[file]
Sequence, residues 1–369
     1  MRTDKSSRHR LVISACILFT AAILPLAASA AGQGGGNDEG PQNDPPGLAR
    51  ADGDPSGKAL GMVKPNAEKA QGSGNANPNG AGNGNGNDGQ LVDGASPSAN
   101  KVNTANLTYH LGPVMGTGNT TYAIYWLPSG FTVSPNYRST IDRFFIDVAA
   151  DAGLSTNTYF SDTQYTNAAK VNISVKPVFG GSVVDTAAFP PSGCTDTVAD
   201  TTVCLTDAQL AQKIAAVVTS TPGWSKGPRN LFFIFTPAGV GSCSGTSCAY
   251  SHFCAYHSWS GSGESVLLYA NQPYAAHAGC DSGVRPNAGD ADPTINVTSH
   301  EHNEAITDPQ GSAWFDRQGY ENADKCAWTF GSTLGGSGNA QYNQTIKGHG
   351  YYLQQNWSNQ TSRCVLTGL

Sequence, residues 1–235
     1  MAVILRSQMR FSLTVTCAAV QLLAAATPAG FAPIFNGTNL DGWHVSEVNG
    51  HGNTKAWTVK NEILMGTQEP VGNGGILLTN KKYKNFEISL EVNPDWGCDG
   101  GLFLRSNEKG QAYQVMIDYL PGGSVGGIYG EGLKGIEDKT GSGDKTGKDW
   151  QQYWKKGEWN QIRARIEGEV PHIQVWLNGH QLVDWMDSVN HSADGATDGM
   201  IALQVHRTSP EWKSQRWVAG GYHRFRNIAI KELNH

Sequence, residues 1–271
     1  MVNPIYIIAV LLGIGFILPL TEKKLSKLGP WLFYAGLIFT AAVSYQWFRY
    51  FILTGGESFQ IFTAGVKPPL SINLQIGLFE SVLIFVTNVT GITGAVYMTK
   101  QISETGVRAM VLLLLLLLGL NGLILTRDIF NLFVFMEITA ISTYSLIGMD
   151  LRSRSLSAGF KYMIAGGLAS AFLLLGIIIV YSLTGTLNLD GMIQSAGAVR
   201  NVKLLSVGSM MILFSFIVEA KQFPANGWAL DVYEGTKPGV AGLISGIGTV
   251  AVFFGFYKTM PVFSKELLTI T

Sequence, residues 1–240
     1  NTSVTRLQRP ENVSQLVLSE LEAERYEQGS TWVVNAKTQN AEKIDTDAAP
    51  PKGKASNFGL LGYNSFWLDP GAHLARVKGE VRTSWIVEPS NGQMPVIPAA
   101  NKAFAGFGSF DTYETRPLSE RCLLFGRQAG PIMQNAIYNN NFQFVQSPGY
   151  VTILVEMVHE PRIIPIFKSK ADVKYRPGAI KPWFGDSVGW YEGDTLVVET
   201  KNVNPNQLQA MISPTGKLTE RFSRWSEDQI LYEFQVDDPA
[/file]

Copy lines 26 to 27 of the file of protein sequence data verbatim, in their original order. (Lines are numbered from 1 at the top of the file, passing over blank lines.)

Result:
   101  NKAFAGFGSF DTYETRPLSE RCLLFGRQAG PIMQNAIYNN NFQFVQSPGY
   151  VTILVEMVHE PRIIPIFKSK ADVKYRPGAI KPWFGDSVGW YEGDTLVVET